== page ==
In the alternative, the "general relief" clause easily accommodates the request for dismissal of the complaint. See Carter v. Johnson, 84 A.D.3d 1141 (2nd Dept 2011) (the court may grant relief, pursuant to a general prayer contained in the... order to show cause, other than that specifically asked for, to such extent as is warranted by the facts plainly appearing on the papers on both sides); HCE Assoc. v 3000 Watermill Lane Realty Corp., 173 A.D.2d 774, 774 (1991). In Tirado v Miller, 75 A.D.3d 153, 158 (2nd Dept. 2010), the court noted:

General relief clauses, for "such other, further, or different relief, " are often included in notices of motion by practitioners to cover the possibility that the appropriate relief is not what the movant has specifically asked for, "but is close enough to enable the court to grant it" (Siegel, Practice Commentaries, McKinney's Cons Laws of NY, Book 7B, CPLR C2214:5). The presence of a general relief clause enables the court to grant relief that is not too dramatically unlike that which is actually sought, as long as the relief is supported by proof in the papers and the court is satisfied that no party is prejudiced (citations omitted).

See also Matter of Blauman-Spindler v Blauman, 68 A.D.3d 1105 (2nd Dept. 2009) (where, as here, there is no misunderstanding or prejudice, "a court may grant relief that is warranted by the facts plainly appearing on the papers on both sides").

Finally, this court notes that there is no prejudice to the lender if the court considers the notice of motion liberally and evaluates the motion as one to dismiss the complaint. There is no suggestion by lender's counsel that further disclosure or delay would produce any additional documents or attestations to be considered on the motion. Lender's counsel suggests that there may be some witness somewhere who might be able to verify the disputed mailings, but the suggestion lacks any specifics, and such general statements are insufficient to deny the motion. Zuckerman v City of New York, 49 N.Y.2d 557, 562 (1980) (party opposing summary judgment may not rest upon mere allegations or denials, but must set forth specific facts showing that there is a genuine issue of material fact for trial). The suggestion, advanced by counsel, that "there may be someone out there who could" verify the mailings is no substitute for a direct assertion that "there is an identified person who can and will" verify the mailings. Lacking the latter attestation, and saddled with only the former assertion, lender's counsel cannot show any prejudice in the court deciding this motion as this time.

For these reasons, the court declines to consider the pending application as only a discovery motion. The borrower demanded the complaint be dismissed, and this court now considers that request.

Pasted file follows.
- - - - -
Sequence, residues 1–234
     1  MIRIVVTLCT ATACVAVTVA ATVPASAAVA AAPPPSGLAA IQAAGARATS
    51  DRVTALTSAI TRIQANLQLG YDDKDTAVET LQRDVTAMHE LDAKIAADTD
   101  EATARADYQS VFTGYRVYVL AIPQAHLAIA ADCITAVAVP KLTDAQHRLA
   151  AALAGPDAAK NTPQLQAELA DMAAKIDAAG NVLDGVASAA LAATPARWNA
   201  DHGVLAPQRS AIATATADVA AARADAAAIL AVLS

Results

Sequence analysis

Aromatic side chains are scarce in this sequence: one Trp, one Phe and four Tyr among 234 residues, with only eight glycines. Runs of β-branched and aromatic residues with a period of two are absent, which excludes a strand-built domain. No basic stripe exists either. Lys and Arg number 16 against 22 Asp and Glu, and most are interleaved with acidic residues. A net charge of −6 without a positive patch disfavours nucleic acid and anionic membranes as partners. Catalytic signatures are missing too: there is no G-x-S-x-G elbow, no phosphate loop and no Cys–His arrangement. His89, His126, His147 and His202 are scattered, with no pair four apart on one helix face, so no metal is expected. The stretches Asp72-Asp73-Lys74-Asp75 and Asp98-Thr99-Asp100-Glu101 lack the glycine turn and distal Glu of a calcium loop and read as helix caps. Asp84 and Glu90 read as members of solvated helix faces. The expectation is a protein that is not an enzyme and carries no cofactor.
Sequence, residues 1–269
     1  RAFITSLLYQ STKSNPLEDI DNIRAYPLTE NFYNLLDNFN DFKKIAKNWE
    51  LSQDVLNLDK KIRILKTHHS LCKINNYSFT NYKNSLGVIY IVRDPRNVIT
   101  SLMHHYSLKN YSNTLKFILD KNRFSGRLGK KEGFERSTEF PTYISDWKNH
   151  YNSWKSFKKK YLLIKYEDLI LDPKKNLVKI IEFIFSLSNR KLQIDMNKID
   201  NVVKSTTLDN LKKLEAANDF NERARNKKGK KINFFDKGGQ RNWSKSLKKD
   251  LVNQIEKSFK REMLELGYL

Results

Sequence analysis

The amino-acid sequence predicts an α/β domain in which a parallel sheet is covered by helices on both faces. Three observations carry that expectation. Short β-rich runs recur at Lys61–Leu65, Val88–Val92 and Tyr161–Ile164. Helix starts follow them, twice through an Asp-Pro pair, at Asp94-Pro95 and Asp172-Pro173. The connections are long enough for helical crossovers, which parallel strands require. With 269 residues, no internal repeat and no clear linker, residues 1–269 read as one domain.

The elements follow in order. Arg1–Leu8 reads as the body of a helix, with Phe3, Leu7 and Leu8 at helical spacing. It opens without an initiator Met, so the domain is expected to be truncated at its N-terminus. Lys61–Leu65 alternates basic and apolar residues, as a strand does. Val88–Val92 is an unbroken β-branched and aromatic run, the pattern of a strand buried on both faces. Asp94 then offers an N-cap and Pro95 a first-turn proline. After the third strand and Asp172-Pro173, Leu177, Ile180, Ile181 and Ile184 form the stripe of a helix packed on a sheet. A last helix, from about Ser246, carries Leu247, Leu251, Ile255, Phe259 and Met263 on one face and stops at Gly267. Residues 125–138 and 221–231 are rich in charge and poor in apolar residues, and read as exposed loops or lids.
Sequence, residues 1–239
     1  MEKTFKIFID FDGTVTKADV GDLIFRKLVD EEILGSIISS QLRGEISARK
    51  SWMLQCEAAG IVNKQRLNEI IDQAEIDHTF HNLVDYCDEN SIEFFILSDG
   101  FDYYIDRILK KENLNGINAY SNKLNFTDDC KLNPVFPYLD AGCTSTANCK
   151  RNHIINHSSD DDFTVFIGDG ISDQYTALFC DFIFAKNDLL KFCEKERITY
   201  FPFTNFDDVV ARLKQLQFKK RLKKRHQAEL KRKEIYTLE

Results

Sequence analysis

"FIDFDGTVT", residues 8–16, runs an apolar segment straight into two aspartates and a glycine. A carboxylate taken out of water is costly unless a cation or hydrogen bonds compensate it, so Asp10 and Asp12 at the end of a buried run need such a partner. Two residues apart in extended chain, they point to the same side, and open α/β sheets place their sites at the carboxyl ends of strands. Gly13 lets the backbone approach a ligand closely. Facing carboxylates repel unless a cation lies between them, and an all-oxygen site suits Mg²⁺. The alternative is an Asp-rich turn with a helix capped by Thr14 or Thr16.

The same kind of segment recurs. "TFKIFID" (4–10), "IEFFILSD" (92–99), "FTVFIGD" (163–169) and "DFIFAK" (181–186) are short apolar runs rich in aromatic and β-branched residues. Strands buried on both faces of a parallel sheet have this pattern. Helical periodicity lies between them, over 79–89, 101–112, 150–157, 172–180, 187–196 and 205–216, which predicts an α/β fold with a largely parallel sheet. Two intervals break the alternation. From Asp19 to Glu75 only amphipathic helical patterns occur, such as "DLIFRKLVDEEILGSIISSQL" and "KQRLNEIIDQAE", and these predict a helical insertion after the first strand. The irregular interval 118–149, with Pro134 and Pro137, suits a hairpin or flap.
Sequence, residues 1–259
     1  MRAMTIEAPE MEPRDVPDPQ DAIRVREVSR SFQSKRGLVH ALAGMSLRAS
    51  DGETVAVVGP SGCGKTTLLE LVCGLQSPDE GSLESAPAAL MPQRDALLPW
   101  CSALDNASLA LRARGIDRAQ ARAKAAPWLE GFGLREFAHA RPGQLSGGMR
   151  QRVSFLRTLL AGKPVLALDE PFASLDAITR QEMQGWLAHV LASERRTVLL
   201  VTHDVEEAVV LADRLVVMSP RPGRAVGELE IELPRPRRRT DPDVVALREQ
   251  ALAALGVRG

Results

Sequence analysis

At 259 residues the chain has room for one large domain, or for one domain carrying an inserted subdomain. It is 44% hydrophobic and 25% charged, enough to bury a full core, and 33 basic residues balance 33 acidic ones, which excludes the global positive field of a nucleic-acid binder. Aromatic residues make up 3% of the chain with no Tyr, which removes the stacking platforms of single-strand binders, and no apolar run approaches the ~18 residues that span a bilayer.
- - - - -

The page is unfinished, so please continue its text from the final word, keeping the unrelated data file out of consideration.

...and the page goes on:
Enacted by both houses of the New York Legislature in a single day during the recent mortgage foreclosure crisis in New York and referenced as Foreclosure Prevention, Tenant Protection and Property Maintenance Act of 2009, § 1304 of the RPAPL requires mortgage holders to give borrowers an opportunity to remedy any default. Specifically, 90 days before commencing a foreclosure action, the lender must give the borrower notice to consider recasting or otherwise modifying the mortgage or taking other steps to avoid foreclosure. The legislative sponsor's memorandum confirms this consumer-friendly design:

The mortgage crisis of the past several years has uprooted families, devastated neighborhoods, and contributed to the collapse of our financial markets. In 2008, New York State had over 50, 000 foreclosure filings - an increase of almost 30% from 2007. This bill would build upon the reforms enacted in the 2008 legislation. In particular, this bill would... allow a larger population of distressed homeowners to benefit from consumer protection laws and fore- closure prevention opportunities currently available only to borrowers of "high-cost, " "subprime" and "non-traditional" home loans; the bill would expand the scope of this notice by requiring lenders, mortgage loan services and assignees to send the notice to distressed borrowers of all "home loans."
The bill would significantly expand the number of borrowers who would benefit from the information contained in the notice and from the 90-day time period during which the lender and the borrower may attempt to reach a mutually agreeable resolution without imminent threat of a foreclosure action. The bill will therefore help reduce the number of foreclosures in the State, while preserving the remedy of foreclosure where a settlement is not possible.